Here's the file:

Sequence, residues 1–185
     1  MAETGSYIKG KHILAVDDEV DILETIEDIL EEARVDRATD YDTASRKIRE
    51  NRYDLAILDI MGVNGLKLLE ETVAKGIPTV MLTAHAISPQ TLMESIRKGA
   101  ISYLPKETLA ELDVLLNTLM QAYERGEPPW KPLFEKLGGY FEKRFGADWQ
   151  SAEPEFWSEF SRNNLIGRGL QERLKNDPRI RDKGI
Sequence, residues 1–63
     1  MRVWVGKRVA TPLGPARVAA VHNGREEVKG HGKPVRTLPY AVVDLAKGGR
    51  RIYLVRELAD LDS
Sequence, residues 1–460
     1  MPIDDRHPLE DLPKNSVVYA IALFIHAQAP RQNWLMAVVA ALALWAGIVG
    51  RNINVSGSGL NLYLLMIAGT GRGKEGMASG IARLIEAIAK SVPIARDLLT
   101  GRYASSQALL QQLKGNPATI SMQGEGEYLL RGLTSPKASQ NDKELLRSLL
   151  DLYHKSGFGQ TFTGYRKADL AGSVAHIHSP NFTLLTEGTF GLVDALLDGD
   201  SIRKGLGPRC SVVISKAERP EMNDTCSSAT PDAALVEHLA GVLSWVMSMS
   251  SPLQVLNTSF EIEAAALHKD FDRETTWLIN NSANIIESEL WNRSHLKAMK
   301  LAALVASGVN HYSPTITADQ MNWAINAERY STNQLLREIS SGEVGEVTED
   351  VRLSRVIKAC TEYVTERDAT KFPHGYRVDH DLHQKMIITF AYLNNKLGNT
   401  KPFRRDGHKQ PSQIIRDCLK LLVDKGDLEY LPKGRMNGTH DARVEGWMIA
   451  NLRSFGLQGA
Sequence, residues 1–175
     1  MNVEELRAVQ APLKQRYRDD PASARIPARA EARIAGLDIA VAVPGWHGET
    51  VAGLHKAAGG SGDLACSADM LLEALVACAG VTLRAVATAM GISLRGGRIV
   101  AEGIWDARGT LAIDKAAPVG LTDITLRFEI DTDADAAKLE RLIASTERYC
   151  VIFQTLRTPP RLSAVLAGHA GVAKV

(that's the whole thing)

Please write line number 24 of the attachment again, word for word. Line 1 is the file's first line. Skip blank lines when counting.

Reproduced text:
   151  VIFQTLRTPP RLSAVLAGHA GVAKV